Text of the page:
What do I do with my rhododendron?
Last Autumn I moved a small rhododendron which had become very boxed-in by other taller shrubs. It now sits in pride of place in my garden and is getting plenty of sun. I water it lovingly during even the shortest dry spells. I wasn't sure it would survive the winter because I only managed to retrieve a small root-ball.
Anyway, it has survived and is producing new growth. My problem is that the plant is very stalky and because it was starved of sun and neglected it only has a small canope of growth on top and is completely bare underneath...
...so my question is: should I prune it back now and lose all the new growth or just leave it for the time being? I am itching to prune it back hard, but don't want to kill it and feel that now may not be the right time anyway.
What should I do? If I do cut it back, then when?
Hi. You shouldn't really prune rhododendrons but it can be done. Dead wood can be removed but pruning is best carried out in the winter with a subsequent loss of the flowers. Go down each stem until you get to some leaves you wish to keep on the plant and cut off the stems about a cm above these leaves.
My problem is that as soon as I go down the stem it's all dead with no leaves whatsoever. The only leaves the plant has is a top canope. I'm thinking maybe I should 'bite the bullet' and just cut it back hard, accept that there will be nothing for a year and hope next year brings new growth from the bottom up. 'Cruel to be kind in the right measure'?
Hi, Siberian Khatru!
Is your rhododendron a dwarf one, or a young specimen of the rough-barked, large "wild" sort (a hybrid of R.ponticum, perhaps)?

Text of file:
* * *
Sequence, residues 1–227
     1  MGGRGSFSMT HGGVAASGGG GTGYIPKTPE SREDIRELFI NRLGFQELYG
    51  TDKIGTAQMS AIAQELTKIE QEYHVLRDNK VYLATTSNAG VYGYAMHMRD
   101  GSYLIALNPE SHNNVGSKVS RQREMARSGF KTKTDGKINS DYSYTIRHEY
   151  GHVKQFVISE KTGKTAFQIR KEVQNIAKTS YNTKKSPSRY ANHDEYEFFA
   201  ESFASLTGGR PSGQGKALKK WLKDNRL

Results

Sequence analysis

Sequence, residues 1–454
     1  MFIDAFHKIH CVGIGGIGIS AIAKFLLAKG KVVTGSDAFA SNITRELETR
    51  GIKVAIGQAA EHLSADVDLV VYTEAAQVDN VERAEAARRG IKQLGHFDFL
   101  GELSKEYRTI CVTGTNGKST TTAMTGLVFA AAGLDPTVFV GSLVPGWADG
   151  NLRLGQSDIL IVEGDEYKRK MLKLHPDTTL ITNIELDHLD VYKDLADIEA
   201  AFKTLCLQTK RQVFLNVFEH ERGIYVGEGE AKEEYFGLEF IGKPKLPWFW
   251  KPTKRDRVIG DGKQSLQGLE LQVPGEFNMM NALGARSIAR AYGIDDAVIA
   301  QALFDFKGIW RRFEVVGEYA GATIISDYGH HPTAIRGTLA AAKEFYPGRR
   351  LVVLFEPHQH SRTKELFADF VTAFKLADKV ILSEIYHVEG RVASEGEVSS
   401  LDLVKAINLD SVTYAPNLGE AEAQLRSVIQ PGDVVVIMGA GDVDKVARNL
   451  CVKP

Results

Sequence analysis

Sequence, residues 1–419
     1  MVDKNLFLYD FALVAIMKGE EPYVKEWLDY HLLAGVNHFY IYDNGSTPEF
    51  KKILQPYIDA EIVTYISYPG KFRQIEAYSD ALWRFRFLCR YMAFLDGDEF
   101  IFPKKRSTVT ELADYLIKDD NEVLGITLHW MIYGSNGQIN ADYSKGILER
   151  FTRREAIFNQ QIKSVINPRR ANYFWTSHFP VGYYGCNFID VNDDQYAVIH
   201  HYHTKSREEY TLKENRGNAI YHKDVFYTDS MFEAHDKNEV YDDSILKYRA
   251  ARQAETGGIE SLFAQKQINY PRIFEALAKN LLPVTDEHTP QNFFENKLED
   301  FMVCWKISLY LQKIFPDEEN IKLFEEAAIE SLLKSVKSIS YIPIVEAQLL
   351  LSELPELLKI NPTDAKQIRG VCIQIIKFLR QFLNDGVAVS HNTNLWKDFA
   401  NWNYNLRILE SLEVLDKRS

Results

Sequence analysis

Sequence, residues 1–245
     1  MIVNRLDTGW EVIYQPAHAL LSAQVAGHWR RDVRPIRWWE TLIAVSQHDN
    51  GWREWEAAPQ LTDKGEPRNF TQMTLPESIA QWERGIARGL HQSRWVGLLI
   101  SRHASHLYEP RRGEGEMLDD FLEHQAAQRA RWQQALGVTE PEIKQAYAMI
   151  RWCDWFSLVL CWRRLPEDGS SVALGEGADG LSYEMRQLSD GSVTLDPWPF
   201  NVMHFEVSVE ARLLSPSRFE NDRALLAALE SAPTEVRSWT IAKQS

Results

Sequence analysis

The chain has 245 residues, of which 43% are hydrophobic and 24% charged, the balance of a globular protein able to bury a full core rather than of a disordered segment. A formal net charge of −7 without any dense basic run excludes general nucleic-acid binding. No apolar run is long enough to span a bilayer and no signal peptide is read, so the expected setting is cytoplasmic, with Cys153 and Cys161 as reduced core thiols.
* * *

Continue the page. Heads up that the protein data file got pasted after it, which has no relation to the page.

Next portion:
The big wild ones can be cut almost to ground level and will produce new growth from a 15cm stump, but other sorts, and many of the dwarf ones, are more fussy.
At any rate I wouldn't try hard pruning it yet, since you've just recently moved it and its roots may still be recovering from the shock of the move. If you do decide to prune, early spring is the time for hard pruning, or late spring/early summer for "gentle pruning" (usually just cutting off dead flower heads and any dead wood).
It is a dwarf plant. From memory, I think it is supposed to grow to a height of about 70cm. I think you're right, though. I shall treat this year as 'recovery' time and cut it back hard next March. There never seems to be a 'right' time with rhododendra. Next spring the buds will be on the plant and all ready to come out. If it makes a remarkable recovery this year I shall leave it. I just don't want a straggly plant with lots of dead stems.